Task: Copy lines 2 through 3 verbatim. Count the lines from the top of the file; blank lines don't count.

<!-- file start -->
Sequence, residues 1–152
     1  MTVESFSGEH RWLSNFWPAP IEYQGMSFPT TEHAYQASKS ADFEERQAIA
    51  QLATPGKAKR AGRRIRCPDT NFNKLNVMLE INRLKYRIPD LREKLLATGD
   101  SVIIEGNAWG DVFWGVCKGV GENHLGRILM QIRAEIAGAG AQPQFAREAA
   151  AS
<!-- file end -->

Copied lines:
     1  MTVESFSGEH RWLSNFWPAP IEYQGMSFPT TEHAYQASKS ADFEERQAIA
    51  QLATPGKAKR AGRRIRCPDT NFNKLNVMLE INRLKYRIPD LREKLLATGD